Monday, October 27, 2008

Funding becoming harder to get for green startups

From Reuters via the Guardian:
Saving the planet is looking a lot less profitable than it was a few months ago, and investors once enamored with finding the next high-flying alternative energy startup are retrenching.

Venture capitalists poured a record number of dollars into alternative energy companies as oil prices peaked at $147 in the third quarter, but some say that investment has trailed off substantially as crude prices declined and the global economy has slipped toward recession.

Not only are venture firms demanding lower valuations for what they call "cleantech" companies, they are also shying away from those with riskier technologies and startups whose business plans will require large amounts of capital.
"Our standard of investment has always been high, but it's even higher now," said Bryant Tong, managing director with San Francisco-based Nth Power, a venture capital firm that invests in energy technology startups. "Investors are hesitant to make investments... so it is harder across the board to raise capital for these companies."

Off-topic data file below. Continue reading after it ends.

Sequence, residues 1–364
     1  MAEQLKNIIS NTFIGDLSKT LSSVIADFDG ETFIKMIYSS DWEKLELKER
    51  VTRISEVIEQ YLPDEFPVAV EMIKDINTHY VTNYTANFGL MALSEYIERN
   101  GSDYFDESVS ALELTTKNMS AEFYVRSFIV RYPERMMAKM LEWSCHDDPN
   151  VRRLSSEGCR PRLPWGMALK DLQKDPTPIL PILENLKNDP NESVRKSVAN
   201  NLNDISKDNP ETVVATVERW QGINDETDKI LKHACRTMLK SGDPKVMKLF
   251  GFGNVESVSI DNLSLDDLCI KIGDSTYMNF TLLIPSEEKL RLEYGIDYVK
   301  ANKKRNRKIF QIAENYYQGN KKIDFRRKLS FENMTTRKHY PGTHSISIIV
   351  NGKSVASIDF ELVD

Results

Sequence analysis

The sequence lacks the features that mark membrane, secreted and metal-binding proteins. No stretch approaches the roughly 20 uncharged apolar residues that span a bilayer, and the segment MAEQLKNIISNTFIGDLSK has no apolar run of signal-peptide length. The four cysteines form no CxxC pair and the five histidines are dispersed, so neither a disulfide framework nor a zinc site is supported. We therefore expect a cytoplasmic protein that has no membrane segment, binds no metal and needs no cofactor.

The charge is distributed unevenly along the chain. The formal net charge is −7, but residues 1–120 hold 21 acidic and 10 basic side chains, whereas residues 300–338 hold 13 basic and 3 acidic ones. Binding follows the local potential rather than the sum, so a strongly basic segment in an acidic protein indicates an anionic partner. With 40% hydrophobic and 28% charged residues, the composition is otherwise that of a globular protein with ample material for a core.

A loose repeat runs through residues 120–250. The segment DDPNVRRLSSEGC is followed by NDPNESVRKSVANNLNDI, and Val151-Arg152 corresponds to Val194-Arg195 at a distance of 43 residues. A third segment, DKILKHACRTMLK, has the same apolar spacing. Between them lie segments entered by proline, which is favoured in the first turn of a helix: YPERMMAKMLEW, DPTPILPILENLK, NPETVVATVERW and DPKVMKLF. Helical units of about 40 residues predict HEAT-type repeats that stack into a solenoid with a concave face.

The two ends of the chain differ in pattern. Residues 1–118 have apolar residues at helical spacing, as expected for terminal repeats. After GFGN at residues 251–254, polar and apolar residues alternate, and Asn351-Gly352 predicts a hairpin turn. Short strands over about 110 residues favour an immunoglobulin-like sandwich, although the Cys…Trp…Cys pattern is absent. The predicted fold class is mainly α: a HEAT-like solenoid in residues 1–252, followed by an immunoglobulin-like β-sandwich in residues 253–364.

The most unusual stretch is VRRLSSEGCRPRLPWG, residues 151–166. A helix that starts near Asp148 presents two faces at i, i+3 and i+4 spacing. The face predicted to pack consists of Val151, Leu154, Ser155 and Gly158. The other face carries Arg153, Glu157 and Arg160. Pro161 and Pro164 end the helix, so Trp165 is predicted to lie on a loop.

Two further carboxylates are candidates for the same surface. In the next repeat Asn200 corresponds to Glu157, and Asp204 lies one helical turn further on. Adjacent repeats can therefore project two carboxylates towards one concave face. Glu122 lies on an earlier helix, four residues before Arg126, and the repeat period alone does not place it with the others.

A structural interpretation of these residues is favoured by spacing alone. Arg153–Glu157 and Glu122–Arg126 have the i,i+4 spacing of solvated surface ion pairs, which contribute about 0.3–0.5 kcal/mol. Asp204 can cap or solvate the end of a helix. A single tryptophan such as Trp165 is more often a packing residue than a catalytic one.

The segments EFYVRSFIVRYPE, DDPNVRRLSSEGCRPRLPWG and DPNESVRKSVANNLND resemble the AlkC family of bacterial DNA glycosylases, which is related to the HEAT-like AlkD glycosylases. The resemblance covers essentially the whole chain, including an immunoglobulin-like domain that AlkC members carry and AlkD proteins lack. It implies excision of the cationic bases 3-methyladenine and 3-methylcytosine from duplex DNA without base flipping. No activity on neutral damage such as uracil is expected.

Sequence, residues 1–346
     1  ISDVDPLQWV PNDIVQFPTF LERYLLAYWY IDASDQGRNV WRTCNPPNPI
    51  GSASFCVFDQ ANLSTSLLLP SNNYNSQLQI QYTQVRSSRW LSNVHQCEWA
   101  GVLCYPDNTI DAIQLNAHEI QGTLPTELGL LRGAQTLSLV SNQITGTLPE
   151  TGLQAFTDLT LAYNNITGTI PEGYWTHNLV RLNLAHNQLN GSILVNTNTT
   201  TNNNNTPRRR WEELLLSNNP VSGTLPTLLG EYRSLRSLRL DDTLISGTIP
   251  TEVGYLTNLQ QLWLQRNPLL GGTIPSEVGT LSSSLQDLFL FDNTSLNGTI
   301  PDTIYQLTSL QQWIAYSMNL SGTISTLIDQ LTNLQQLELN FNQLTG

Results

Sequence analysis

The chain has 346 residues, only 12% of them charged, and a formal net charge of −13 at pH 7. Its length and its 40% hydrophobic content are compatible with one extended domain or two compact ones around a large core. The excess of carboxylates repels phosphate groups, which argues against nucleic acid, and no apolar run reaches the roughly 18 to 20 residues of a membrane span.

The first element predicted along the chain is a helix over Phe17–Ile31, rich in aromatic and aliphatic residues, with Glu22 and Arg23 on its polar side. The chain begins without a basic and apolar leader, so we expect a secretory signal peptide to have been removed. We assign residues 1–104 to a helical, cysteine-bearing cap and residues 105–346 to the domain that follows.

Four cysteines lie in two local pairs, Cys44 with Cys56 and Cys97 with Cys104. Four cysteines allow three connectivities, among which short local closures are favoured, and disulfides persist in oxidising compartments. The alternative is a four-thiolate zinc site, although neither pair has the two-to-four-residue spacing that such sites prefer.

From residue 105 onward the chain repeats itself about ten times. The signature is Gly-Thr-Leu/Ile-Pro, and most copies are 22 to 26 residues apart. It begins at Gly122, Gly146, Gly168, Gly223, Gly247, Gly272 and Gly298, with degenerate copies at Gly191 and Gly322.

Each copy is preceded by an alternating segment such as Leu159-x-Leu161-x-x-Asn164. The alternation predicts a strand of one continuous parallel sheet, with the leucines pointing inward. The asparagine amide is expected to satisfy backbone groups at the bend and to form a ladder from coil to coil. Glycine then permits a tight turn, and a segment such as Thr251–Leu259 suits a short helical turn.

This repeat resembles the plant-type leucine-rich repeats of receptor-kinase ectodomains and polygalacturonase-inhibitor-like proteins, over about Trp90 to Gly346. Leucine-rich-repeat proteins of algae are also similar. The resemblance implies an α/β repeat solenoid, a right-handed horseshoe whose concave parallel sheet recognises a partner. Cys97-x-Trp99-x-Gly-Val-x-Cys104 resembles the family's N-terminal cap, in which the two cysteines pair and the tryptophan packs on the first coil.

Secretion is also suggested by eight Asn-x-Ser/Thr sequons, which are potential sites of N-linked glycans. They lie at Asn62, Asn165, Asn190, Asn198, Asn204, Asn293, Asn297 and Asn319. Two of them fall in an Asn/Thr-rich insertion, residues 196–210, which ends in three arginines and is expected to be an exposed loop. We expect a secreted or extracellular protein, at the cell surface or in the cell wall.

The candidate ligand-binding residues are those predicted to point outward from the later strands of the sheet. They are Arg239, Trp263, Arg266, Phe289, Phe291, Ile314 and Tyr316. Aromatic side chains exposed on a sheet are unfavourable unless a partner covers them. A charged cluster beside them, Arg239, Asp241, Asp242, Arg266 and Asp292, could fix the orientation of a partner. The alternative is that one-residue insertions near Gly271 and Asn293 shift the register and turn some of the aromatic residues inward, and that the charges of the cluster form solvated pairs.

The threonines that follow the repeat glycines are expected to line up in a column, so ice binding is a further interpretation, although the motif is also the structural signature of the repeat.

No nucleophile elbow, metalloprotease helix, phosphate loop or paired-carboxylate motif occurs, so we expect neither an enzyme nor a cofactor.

Alternative energy in the last few years has become a major focus for venture capitalists, who saw there was money to be made from investing in technology to create cheaper solar panels, clean transportation fuels and green building products at a time of increased concerns about global warming and soaring fossil fuel prices.
Venture investments in alternative energy companies reached a record $2.6 billion in North America, Europe, China and India in the third quarter, according to industry research firm The Cleantech Group, which expects a much different picture in the current economic climate.

"We expect fourth-quarter venture investment numbers to be down significantly from the third quarter," said Brian Fan, senior director of research with The Cleantech Group, who estimated that fourth-quarter venture investment in the sector would be somewhere between $1 billion and $1.5 billion.
"And we expect that to continue into next year as well," Fan added.

The most visible recent sign of venture capitalists' new found caution toward cleantech was Tesla Motors announcement last week that it would delay the launch of its battery-powered sedan and cut jobs because of a lack of funds....MORE